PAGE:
If you support marijuana legalization it is important you vote for Proposition AA in Colorado, which would impose a modest excise tax on recreational marijuana. Last year the voters of the state legalized marijuana with Amendment 64, with the promise that marijuana would be regulated and taxed. Due to a strange quirk in the state’s constitution though, the actual tax increase needs to go before voters this November in a separate vote. This gives marijuana users a unique chance to renege on the bargain they made with the people of the Colorado but that would be a terrible long-term move.
1) Someone has to pay – Legal marijuana is going to be regulated and regulations cost money. The rules governing the regulation of marijuana have already been approved and many voters only supported legalization because they were told marijuana would be regulated.
This means someone needs to pay for it. Logically, the people who will be consuming the legal marijuana should pay for the cost of these new regulations. It is unfair to expect everyone else to cover this burden. Legal marijuana should be subject to some tax to at least cover the cost of the state running the new program and this is the only real tax proposal out there.
2) Make it difficult to repeal legalization – No politician wants to blow a hole in their local budget. If legal marijuana is a net revenue generator it will be very hard for politicians to vote to repeal it. It will also give politicians another reason to fight federal interference. There is a reason the temperance movement considered the 16th amendment allowing income taxes a critical first step towards the 18th amendment banning alcohol. Federal politicians were unwilling to ban alcohol and give up the large source of government revenue until there was a big new tax to replace it.
On the other hand, if legal marijuana is not taxed and ends up being a drain on the state coffers it could quickly become a target. People who don’t use marijuana might turn against legalization if their taxes are raised to pay for the state regulating the legal marijuana market. A modest tax is a small price to pay to create a more favorable political environment for keeping marijuana legal.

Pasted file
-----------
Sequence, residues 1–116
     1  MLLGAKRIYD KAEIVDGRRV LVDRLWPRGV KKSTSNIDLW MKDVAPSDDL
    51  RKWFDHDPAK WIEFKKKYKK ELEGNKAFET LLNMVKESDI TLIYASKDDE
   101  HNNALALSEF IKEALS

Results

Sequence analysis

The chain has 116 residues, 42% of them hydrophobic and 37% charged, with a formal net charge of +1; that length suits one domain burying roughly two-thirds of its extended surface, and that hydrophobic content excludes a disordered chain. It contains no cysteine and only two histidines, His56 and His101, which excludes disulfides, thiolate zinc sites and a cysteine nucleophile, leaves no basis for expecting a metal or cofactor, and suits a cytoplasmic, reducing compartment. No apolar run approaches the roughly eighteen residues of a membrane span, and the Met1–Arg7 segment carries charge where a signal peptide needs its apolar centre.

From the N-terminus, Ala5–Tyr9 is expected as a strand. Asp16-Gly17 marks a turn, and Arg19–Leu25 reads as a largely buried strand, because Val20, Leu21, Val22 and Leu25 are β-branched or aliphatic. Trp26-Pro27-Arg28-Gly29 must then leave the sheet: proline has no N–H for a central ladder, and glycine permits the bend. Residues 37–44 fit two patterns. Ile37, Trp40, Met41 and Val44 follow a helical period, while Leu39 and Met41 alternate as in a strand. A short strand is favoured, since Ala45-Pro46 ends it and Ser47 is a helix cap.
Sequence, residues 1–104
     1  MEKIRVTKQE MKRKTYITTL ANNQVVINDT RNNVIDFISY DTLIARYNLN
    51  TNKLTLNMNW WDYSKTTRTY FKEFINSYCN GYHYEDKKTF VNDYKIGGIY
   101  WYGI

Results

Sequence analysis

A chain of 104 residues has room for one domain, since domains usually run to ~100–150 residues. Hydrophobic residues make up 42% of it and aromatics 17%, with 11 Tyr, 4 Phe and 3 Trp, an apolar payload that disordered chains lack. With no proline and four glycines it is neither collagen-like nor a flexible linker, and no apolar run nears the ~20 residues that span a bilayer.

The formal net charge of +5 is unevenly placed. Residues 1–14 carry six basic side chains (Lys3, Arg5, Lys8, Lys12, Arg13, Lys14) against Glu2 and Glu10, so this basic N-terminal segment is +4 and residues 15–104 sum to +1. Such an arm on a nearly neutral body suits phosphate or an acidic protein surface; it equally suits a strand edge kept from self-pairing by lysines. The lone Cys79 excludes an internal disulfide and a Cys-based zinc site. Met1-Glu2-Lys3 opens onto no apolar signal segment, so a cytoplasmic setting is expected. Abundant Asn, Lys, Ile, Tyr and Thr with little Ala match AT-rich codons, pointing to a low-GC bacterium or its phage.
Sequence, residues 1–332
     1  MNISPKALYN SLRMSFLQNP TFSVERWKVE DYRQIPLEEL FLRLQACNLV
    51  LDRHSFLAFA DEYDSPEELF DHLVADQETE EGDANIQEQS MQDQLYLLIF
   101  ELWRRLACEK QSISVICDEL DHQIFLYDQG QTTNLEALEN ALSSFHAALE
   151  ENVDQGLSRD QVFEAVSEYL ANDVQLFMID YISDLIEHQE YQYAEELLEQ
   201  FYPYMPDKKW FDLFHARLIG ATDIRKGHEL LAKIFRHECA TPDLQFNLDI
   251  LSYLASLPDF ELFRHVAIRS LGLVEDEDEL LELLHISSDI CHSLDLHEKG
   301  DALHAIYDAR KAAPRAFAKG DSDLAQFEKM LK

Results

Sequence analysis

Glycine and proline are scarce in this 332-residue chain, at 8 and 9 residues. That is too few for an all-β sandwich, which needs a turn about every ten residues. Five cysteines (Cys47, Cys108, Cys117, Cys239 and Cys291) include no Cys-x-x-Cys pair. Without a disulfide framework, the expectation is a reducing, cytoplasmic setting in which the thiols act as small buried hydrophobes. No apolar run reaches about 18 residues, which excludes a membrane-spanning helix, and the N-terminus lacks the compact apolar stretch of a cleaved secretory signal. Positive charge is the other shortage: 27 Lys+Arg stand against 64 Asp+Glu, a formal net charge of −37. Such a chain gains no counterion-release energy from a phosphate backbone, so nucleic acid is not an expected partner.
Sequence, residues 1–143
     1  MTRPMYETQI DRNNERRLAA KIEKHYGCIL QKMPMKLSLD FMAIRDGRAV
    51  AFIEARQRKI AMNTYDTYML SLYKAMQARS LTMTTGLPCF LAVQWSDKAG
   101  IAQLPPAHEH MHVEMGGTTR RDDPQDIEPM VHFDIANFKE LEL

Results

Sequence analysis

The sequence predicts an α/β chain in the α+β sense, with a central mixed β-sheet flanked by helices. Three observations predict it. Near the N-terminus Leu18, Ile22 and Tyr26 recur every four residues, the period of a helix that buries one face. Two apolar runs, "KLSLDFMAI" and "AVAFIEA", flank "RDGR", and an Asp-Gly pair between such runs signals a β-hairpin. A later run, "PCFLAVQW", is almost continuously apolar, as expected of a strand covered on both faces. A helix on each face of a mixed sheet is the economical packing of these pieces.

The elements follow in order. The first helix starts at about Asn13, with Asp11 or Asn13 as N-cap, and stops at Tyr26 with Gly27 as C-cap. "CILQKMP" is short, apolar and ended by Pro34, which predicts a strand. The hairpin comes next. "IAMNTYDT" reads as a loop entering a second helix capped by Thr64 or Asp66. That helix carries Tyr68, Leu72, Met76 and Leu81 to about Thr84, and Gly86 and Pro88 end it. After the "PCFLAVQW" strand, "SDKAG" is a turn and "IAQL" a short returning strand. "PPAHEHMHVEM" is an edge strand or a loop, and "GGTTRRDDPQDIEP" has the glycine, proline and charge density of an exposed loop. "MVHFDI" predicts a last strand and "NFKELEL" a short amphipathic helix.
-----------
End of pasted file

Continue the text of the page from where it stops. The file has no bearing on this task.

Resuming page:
3) Keeping your word – I believe keeping your world is important and morally the right thing to do. One of the key selling points of the Amendment 64 campaign to regular voters was that recreational marijuana would be taxed and the revenue used for school construction. I personally used this point several times to promote the initiative and I imagine many other activists did the same with their friends and family. It would be dishonest to ask people to vote for legalization based on the promise that marijuana would be taxed and then vote against the promised tax.
4) The community will want a say in future changes to Colorado’s marijuana laws – This is only the beginning for marijuana reform in Colorado. The state and local governments will be modifying, revising, and amending their hundreds of marijuana regulations for decades to come. The marijuana reform community is going to want a seat at the table where these decisions are made and the best way to do that is to be seen as an honest and trustworthy partner. Reneging on this promised tax would send a very bad signal. If you want to be part of future negotiations, you need to keep your promises
5) Advancing marijuana reform across the country – This is about more than just Colorado. Colorado is not only viewed as a test case by the rest of the country, but legalization in Colorado will probably only be sustainable long-term if the rest of the country continues to move forward. If the rest of the country turns against legalization then the federal government could easily cause big problems in Colorado. The best way to help marijuana legalization spread is to prove the reform community is trustworthy and show that marijuana legalization is a net positive. Having legal marijuana be a net drain on Colorado’s budget would make other states less open to the idea, but seeing legal marijuana fund new schools in Colorado would help spread support. Voting against the promised tax would also make the entire community seem untrustworthy making future actions more difficult.
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